Alligators Breathe Like Birds, Study Find
University of Utah scientists discovered that air flows in one direction as it loops through the lungs of alligators, just as it does in birds. The study suggests this breathing method may have helped the dinosaurs’ ancestors dominate Earth after the planet’s worst mass extinction 251 million years ago.
When threatened by fish, some copepods can jump straight out of the water and shoot over many times their own body lengths. From the fish’s point of view, its prey suddenly disappears. Flying fish use the same tactic to escape from predators…
Brad Gemmell from the University of Texas, Austin filmed flying copepods (Anomalocera ornata) both in the field and with a high-speed camera in the lab. As they escaped from approaching mullet, they kicked back with their legs, pulled their antennae back, and left the water.
I’m personally impressed that they can overcome the surface tension.
Unpolished, 150 million year-old agatized dinosaur bone cells at 42x magnification. By Douglas Moore of University of Wisconsin, Stevens Point.
This image won 10th place in the 2011 Nikon Small World Competition.
Bioluminescent firefly squid
Very cool photo, and a fitting final image for the top of the blog today. There’s a little information about these creatures in Wikipedia, and a post about them in Atlas Obscura.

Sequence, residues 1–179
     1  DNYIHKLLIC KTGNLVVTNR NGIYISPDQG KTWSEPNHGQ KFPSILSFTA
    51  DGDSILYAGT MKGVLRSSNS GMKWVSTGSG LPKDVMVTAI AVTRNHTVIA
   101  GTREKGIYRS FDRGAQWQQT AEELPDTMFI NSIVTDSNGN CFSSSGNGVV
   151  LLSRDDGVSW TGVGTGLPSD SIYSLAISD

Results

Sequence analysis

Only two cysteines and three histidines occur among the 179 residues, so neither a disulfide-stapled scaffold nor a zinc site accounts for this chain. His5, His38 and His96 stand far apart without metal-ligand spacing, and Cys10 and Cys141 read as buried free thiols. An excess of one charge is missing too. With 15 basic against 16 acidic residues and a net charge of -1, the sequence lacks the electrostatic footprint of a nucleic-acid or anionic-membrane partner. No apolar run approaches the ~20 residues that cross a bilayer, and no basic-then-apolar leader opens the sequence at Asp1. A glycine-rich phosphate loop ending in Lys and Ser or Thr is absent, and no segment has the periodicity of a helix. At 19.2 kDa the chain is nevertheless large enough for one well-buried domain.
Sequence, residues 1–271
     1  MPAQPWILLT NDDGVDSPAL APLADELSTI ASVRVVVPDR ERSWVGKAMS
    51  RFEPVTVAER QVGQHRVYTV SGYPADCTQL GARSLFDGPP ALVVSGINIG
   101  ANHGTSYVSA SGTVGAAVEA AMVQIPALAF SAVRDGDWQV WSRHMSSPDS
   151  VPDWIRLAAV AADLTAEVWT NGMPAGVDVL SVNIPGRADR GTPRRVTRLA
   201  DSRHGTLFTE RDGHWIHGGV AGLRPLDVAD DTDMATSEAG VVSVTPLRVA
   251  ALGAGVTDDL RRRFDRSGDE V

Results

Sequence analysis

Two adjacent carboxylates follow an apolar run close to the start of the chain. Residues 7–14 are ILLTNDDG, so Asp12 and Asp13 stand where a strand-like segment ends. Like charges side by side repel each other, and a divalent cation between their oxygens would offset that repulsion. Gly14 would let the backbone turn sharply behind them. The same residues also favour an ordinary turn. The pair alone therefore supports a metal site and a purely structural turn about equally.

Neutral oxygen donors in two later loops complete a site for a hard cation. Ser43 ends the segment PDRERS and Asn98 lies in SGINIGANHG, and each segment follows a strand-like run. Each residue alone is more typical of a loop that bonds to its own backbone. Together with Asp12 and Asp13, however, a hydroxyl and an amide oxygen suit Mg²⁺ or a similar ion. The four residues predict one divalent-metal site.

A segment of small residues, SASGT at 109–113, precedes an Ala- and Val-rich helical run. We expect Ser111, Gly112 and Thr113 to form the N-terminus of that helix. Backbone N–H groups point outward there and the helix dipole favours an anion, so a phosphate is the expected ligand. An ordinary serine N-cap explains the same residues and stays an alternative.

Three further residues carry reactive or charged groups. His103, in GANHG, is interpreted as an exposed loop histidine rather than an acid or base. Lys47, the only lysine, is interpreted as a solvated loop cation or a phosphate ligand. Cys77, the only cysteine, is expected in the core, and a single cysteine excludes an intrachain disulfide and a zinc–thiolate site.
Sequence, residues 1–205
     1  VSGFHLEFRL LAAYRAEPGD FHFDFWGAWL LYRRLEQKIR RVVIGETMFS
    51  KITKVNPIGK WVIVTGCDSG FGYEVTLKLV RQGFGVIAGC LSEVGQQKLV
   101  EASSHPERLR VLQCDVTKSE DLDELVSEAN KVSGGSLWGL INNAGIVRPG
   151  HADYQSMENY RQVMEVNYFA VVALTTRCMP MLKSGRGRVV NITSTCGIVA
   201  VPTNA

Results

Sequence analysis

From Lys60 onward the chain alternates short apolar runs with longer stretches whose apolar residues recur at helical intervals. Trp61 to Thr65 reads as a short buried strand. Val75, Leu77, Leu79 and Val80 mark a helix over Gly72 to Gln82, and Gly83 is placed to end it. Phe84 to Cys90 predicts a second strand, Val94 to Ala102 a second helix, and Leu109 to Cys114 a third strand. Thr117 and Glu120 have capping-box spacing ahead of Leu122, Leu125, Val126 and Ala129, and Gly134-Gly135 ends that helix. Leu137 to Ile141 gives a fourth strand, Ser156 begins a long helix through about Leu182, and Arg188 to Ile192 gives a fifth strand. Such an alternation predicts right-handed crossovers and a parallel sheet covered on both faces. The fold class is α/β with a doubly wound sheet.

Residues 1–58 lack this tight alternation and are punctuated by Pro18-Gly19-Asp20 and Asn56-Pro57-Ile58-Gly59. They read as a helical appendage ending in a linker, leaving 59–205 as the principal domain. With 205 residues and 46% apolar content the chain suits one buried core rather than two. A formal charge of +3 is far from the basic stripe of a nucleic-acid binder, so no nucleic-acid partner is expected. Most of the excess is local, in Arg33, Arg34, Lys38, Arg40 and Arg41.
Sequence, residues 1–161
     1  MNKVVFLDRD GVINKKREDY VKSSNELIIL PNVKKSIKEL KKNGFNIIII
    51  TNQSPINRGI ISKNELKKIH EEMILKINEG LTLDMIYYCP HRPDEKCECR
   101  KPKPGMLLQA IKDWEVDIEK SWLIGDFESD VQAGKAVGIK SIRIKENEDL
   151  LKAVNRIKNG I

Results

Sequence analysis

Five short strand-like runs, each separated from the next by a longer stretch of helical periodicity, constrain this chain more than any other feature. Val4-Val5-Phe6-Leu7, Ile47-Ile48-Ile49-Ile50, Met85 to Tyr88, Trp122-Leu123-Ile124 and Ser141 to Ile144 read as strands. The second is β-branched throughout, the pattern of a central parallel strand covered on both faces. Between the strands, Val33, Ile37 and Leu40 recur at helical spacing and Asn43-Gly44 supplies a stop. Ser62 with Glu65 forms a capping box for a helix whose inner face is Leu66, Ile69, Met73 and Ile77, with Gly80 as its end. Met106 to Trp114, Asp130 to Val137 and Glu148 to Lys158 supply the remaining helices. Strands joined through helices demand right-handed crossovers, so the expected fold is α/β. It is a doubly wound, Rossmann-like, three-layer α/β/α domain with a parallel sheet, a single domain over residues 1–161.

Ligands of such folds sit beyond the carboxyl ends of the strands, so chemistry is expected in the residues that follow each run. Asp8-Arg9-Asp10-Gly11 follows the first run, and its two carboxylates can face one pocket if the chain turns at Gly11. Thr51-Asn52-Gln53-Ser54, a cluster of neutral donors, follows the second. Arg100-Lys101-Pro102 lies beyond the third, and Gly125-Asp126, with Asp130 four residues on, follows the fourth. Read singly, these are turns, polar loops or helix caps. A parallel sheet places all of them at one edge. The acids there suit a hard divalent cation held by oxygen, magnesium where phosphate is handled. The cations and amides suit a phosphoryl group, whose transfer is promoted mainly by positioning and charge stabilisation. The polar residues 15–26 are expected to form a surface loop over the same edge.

Via Reddit. I’ve tried without success to track back to the photographer for credit, but most “similar image” searches wind up in Japanese tumblrs that I can’t decipher.
See also the incredible image of a shoreline in Australia glowing with bioluminescent algae.
Is this narcissistic, or science appreciation? I couldn’t sleep with a painting or photo of myself above me, but the thought of my DNA above me doesn’t trigger the same reaction.
I wouldn’t want this in my bedroom, but kitchen? HELL YES. It will go nicely with my beaker dinner glasses, petri dish plates, and periodic table table.
How Mosquitoes Fly in Rain
Mosquitoes are as adept at flying in rainstorms as under clear skies. But how is that possible? Wouldn’t rain crush a mosquito to the ground since mosquitoes weigh 50 times less than raindrops?
David Hu, an assistant professor of mechanical engineering and biology at the Georgia Institute of Technology, and his graduate research assistant Andrew Dickerson have found that while mosquitoes do get hit by raindrops, they don’t get crushed by them.
The question I haven’t been asking has been answered. But it’s nice to know anyway.